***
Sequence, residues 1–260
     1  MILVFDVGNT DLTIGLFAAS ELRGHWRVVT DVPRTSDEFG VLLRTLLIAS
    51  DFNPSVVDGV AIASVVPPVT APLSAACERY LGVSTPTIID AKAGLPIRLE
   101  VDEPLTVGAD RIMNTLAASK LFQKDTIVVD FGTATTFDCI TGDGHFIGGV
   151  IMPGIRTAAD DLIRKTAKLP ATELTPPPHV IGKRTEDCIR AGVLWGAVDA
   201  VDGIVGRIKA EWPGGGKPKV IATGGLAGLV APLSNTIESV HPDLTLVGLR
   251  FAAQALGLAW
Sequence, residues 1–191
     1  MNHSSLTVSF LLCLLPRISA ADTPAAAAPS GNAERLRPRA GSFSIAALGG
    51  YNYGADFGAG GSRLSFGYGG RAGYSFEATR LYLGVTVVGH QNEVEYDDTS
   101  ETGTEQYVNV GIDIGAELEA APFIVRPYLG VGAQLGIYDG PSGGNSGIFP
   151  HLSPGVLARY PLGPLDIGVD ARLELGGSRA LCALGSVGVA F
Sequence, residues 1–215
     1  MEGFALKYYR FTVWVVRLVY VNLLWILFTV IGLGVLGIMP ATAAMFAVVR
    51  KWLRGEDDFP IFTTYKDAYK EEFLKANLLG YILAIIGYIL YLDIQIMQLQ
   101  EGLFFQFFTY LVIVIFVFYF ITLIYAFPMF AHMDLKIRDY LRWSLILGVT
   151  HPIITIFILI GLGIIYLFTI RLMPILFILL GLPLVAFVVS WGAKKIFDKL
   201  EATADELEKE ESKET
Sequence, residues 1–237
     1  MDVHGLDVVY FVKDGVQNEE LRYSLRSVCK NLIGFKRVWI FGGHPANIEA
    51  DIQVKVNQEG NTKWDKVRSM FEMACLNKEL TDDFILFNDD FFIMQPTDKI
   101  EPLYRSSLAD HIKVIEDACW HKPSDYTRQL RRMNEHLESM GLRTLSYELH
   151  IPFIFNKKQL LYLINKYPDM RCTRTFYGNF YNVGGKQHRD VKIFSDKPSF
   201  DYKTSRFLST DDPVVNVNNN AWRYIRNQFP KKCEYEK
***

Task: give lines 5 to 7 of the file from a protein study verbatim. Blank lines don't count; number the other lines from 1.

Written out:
   151  IMPGIRTAAD DLIRKTAKLP ATELTPPPHV IGKRTEDCIR AGVLWGAVDA
   201  VDGIVGRIKA EWPGGGKPKV IATGGLAGLV APLSNTIESV HPDLTLVGLR
   251  FAAQALGLAW